In the News

Who’s Watching Your Statehouse? No One

Monday, July 21st, 2014

The number of full-time journalists on the Capitol beat is down 40 percent since 2003. Why even politicians are saying weak newspaper economics is a disaster for democracy.

For generations of journalists, covering the statehouse has been a prestigious beat. It typically came with a desk in the building, and ample access to lawmakers. It was not an assignment for a novice. You worked your way up to it, and you had to be good. Bringing down a governor, exposing corruption—all in a day’s work. The statehouse is where reputations were made and politicians ran scared, knowing multiple news organizations could be on their case.

But that era is ending, a casualty of newspaper economics and a changing society. On a good day, state news is under-covered, especially compared to its importance. While multitudes of reporters in Washington chronicle the gridlocked Congress, the number of full-time reporters covering 50 statehouses has fallen to roughly 300, down from 500 in 2003, according to the Pew Research Center.

Read the full article at The Daily Beast

Steve Wilson Discusses the Mississippi Primary Runoff on National Radio Show

Monday, July 14th, 2014

Steve Wilson appeared last week on the Conservative Commandos Radio Show to discuss his recent article on the Mississippi primary runoff.

You can hear the entire interview here.

Steve Wilson Speaks with the “Gary Nolan Show” on the Mississippi Primary Race

Monday, July 14th, 2014

Steve Wilson appeared on the Gary Nolan Show to discuss his recent article about the recent runoff primary in Mississippi.

You can hear it all below.

Virginia city official defends boosting worker’s pension by $400,000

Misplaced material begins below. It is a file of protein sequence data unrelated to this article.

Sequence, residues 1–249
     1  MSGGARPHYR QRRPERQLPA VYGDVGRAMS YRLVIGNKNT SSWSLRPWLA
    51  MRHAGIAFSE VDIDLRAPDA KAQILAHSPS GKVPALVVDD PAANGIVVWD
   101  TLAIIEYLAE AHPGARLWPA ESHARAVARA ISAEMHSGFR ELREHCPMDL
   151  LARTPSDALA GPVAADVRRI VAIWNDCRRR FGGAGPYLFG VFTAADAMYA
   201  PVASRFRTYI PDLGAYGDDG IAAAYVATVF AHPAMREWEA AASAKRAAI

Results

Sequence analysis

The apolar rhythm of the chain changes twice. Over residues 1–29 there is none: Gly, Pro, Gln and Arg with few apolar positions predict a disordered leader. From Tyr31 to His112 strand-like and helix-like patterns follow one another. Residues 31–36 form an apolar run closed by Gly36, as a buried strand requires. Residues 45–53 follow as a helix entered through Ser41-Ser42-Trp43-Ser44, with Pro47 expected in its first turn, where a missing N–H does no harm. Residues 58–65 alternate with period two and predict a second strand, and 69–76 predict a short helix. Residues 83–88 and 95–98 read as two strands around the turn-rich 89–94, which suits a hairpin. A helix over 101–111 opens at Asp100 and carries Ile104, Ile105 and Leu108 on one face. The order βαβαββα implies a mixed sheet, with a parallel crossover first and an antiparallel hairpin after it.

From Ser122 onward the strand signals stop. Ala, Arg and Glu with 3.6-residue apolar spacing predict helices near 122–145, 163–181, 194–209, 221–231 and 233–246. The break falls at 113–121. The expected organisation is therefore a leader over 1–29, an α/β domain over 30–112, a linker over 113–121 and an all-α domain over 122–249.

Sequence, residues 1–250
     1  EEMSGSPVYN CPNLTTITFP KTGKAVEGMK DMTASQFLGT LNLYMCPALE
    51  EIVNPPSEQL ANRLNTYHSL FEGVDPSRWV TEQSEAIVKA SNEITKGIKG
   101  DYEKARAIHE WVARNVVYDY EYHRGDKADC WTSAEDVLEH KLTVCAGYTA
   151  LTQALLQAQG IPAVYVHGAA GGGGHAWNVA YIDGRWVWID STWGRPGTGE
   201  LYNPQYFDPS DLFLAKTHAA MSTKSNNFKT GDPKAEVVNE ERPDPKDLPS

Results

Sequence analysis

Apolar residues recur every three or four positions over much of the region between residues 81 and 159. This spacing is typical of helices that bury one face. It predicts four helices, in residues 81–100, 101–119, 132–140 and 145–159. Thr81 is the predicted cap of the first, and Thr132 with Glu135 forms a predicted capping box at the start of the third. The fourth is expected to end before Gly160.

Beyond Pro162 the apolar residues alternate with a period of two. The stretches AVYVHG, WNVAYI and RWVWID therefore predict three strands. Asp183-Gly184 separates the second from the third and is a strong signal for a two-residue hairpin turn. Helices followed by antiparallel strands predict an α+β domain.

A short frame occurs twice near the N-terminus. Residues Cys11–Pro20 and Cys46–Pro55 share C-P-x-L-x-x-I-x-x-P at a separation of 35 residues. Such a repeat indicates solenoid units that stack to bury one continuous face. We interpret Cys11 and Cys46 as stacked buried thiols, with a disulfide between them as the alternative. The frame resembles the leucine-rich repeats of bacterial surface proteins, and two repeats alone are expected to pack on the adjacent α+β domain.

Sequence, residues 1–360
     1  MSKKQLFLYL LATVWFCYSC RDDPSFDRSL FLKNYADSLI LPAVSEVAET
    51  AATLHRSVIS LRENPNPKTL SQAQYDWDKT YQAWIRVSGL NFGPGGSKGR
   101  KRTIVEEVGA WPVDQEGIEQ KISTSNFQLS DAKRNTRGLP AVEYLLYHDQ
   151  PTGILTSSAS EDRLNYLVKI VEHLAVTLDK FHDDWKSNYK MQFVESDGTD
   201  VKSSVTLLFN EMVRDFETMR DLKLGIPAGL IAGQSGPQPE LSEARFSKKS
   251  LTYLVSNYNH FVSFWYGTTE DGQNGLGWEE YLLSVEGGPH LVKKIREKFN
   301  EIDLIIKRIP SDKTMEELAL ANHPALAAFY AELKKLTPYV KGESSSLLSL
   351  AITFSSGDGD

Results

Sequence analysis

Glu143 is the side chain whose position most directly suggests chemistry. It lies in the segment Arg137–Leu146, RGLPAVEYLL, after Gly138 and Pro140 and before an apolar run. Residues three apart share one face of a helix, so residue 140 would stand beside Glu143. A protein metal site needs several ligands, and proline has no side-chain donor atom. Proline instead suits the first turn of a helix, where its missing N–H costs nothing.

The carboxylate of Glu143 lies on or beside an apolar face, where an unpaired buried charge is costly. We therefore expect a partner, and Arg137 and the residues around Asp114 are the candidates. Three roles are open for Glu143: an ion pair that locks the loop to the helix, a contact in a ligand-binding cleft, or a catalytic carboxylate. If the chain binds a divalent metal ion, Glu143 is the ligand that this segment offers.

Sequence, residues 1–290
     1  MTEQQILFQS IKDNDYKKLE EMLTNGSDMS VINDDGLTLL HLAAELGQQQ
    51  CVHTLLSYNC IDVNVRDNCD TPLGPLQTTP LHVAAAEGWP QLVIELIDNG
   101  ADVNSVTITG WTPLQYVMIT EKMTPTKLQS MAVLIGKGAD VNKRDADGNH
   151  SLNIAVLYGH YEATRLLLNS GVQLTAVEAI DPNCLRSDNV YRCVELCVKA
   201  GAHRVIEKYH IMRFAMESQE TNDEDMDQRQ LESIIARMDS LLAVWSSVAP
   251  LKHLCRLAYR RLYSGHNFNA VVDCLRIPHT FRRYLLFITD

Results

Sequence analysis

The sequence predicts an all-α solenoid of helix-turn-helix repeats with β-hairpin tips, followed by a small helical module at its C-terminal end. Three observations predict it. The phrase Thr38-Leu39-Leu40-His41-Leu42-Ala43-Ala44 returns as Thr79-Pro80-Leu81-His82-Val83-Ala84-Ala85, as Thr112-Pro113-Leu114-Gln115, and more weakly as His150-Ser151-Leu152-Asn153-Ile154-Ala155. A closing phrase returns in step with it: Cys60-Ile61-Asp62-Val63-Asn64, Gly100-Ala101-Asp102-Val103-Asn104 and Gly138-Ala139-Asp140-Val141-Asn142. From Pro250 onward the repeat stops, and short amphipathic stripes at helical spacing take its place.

Friday, May 23rd, 2014

Richmond’s top city official defended a decision to transfer one employee’s 800 hours of unused sick leave from her previous city job so she could receive $400,0000 more in pension compensation.

It’s “not a unique transaction,” Chief Administrative Officer Byron Marshall said, according to a recent city audit.

That only raises more unanswered questions about what other transactions happen in Richmond’s senior-level offices as the state drowns in nearly $2 billion of debt, according to the city’s most recent comprehensive annual financial report.

Read the entire article here.

NPR: How do newspapers affect voting and community participation

Friday, May 23rd, 2014

Jason Stverak, president of the Franklin Center for Government & Public Integrity spoke with NPR about the impact of local newspapers on community participation.

Listen to the entire interview here.

Be sure to read the entire story from NPR here.

Visas for Detroit? Unprecedented plan to repopulate ailing city

Tuesday, May 13th, 2014

Michigan officials want to repopulate Detroit with an aggressive immigration program — a move critics call misguided and unworkable.

“This ranks right up there with Ford’s expectation that the Edsel was going to be a big seller,” said Bob Dane, communications director of the Federation for American Immigration Reform.